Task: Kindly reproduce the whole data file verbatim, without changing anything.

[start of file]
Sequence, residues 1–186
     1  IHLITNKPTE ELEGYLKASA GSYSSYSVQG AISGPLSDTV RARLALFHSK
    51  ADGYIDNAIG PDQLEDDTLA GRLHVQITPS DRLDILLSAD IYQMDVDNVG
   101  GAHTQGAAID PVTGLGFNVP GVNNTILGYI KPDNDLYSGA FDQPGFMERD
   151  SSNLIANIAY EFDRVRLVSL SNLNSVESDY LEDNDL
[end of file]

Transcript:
Sequence, residues 1–186
     1  IHLITNKPTE ELEGYLKASA GSYSSYSVQG AISGPLSDTV RARLALFHSK
    51  ADGYIDNAIG PDQLEDDTLA GRLHVQITPS DRLDILLSAD IYQMDVDNVG
   101  GAHTQGAAID PVTGLGFNVP GVNNTILGYI KPDNDLYSGA FDQPGFMERD
   151  SSNLIANIAY EFDRVRLVSL SNLNSVESDY LEDNDL